As I’ve mentioned here before, I grew up in the northwest Indiana city of Hammond, a small (est. pop. 100,000) working class city. We lived in a neighborhood known as Woodmar, which had something of a suburban look and feel. During the 60s and early 70s, it was a relatively safe and secure place to grow up. Parents didn’t have to worry too much about kids being out on their own, even during the early evening hours.
During grade school, a good bicycle was the primary means of attaining a degree of youthful independence, at least when it came to getting around the neighborhood on your own and meeting up with friends. Among the many brands available, the basic, one speed Schwinn Sting-ray was a popular choice. It was simple, sturdy, and easy to control. A big step beyond a child’s starter bike, it could move pretty fast when powered by an energetic grade schooler.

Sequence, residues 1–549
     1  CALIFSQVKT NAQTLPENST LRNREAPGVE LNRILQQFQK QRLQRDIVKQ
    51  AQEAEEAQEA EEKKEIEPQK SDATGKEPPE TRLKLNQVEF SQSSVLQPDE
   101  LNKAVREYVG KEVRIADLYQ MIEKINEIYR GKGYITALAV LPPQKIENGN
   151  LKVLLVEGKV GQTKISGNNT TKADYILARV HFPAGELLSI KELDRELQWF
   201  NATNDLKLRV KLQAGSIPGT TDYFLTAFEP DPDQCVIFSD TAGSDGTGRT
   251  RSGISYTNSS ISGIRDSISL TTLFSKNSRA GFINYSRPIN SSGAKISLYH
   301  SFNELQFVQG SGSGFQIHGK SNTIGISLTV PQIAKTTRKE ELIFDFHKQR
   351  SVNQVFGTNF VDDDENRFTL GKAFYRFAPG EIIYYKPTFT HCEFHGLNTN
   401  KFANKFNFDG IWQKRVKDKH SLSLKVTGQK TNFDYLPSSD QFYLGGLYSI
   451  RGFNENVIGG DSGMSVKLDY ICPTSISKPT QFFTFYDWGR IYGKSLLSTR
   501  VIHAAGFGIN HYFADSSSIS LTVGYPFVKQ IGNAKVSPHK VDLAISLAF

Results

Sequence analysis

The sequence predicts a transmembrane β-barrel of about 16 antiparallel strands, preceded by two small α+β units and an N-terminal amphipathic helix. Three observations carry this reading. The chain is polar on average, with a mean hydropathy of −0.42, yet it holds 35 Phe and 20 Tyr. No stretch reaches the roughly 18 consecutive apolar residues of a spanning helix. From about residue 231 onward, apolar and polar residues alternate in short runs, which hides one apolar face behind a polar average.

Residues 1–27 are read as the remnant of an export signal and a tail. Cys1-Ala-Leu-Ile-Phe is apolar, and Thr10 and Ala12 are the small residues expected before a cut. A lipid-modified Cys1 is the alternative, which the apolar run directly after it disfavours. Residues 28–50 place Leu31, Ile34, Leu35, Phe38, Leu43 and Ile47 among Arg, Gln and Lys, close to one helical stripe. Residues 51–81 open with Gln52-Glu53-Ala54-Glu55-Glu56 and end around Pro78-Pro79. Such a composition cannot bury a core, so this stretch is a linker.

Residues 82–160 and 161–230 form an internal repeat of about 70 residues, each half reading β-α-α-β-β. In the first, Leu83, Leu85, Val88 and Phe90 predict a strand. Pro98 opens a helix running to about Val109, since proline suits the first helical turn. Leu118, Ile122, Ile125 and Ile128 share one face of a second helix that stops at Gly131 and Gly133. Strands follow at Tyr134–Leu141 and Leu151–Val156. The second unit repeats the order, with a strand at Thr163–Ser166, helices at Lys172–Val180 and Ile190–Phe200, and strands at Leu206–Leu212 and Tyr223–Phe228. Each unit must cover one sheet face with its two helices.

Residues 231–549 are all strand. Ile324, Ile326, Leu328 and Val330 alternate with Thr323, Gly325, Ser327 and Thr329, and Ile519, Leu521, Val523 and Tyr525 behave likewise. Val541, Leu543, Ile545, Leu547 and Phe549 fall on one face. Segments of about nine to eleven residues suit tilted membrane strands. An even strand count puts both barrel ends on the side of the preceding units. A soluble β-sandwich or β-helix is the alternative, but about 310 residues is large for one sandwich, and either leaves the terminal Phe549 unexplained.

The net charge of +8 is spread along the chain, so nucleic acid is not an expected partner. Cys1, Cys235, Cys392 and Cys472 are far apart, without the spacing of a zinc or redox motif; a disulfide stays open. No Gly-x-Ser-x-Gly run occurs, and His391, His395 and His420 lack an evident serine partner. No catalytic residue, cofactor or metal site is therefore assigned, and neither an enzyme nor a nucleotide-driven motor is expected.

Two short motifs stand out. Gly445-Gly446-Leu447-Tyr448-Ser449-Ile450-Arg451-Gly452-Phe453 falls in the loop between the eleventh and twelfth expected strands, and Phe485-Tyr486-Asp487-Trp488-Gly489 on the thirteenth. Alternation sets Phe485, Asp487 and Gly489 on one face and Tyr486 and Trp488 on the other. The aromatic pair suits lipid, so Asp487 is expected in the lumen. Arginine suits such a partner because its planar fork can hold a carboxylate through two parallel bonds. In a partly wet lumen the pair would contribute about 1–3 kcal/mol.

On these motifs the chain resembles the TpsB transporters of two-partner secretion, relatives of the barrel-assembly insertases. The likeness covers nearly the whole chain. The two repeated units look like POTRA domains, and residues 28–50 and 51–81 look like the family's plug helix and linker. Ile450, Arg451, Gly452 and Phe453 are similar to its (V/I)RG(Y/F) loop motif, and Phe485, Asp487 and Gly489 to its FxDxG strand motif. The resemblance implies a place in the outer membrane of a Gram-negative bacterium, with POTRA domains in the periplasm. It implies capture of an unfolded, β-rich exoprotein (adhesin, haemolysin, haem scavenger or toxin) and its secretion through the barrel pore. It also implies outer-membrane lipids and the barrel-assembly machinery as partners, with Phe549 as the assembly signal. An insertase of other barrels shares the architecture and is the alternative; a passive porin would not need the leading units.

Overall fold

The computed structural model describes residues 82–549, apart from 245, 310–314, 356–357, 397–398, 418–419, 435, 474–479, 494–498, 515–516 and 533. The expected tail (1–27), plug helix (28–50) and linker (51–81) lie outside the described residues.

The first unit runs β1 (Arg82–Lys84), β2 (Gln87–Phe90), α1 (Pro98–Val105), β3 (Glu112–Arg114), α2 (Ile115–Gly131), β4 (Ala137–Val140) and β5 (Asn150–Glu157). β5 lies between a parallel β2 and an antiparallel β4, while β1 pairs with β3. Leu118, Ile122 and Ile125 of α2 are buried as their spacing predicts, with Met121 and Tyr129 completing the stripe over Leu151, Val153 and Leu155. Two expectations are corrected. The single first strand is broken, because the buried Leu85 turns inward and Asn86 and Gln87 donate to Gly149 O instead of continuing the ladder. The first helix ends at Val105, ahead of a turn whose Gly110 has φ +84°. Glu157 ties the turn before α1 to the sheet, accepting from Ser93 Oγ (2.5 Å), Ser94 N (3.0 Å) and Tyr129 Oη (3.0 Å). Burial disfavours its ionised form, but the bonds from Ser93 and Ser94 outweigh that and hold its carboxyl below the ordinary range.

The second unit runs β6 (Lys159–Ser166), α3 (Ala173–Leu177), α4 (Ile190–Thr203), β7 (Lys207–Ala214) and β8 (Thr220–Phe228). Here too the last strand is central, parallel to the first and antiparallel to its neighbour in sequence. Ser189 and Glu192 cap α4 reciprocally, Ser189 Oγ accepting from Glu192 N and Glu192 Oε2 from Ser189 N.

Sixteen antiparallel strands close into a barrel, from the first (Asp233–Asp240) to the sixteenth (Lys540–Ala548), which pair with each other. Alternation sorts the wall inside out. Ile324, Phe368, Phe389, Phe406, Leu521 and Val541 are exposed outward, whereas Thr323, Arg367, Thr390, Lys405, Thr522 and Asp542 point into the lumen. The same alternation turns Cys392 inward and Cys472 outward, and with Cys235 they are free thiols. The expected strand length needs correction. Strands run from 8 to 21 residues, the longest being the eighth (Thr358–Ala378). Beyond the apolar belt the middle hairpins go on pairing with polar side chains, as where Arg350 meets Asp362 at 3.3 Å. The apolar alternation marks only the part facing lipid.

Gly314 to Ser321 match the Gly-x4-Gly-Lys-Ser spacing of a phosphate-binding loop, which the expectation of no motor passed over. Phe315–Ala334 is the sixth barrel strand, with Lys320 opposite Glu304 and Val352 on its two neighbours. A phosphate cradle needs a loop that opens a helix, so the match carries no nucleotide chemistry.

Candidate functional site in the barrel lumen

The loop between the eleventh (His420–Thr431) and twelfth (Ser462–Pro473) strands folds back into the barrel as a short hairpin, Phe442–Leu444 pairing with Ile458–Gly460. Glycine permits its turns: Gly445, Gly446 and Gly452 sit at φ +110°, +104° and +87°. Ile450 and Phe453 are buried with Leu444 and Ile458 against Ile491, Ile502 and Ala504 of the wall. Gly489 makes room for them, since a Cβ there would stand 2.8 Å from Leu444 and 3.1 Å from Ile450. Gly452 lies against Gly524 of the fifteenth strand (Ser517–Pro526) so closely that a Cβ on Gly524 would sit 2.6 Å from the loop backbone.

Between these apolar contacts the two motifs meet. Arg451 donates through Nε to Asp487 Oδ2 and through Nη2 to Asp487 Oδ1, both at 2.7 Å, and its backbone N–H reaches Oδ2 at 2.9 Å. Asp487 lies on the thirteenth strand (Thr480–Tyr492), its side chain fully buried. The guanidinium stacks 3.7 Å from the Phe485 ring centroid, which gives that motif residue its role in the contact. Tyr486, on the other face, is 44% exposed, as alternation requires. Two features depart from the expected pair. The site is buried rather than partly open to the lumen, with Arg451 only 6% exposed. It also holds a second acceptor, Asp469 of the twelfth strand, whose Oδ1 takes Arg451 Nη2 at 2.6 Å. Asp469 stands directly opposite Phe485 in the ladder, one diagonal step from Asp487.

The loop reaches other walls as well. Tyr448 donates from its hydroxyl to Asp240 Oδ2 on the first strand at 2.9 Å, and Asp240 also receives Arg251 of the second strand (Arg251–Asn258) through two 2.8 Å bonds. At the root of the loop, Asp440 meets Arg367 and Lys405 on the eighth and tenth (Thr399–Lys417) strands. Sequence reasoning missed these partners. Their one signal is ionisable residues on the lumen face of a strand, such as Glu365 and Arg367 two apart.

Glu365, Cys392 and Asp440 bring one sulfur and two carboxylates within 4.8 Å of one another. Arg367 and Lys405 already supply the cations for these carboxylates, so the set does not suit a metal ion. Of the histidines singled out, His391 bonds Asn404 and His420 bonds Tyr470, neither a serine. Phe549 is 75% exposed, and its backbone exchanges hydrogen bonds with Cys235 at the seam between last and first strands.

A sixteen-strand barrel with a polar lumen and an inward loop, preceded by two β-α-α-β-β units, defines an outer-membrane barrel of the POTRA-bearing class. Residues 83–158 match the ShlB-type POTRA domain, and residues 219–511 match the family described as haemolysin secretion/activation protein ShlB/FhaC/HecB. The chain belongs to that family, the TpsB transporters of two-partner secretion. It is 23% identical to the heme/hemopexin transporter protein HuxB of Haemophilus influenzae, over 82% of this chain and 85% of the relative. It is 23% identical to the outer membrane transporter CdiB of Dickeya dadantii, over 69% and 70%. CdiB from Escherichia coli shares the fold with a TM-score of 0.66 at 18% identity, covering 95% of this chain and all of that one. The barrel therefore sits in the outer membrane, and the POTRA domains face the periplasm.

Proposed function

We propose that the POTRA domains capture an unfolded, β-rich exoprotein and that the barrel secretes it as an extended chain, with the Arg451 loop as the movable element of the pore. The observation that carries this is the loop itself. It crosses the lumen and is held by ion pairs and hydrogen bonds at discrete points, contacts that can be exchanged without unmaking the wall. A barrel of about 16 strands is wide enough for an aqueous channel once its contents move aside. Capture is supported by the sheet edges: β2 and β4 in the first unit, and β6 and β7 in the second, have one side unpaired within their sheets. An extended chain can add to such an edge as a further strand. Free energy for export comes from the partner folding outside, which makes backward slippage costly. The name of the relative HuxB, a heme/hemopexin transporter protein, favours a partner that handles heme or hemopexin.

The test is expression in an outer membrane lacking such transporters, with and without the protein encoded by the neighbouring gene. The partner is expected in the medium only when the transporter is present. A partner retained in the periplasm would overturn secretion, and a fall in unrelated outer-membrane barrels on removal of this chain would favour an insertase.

For me, the Sting-ray was my ticket to exploring the neighborhood beyond our immediate block. I could ride to friends’ homes, the parkway, our grade school, or even the shopping center. The bike had enough giddy up in it that in some areas I could ride (carefully) on the streets, rather than sticking exclusively to the sidewalks.
I’ll stop short of trying to paint this as an idyllic childhood, because I was bored at times and felt lonely on occasion as well. Part of me yearned for something more, even if I didn’t know quite what it might look like back then.
But such feelings are hardly unique among kids (or adults, for that matter). Overall I am fortunate to have happy memories of hopping on my bike to ride around the neighborhood.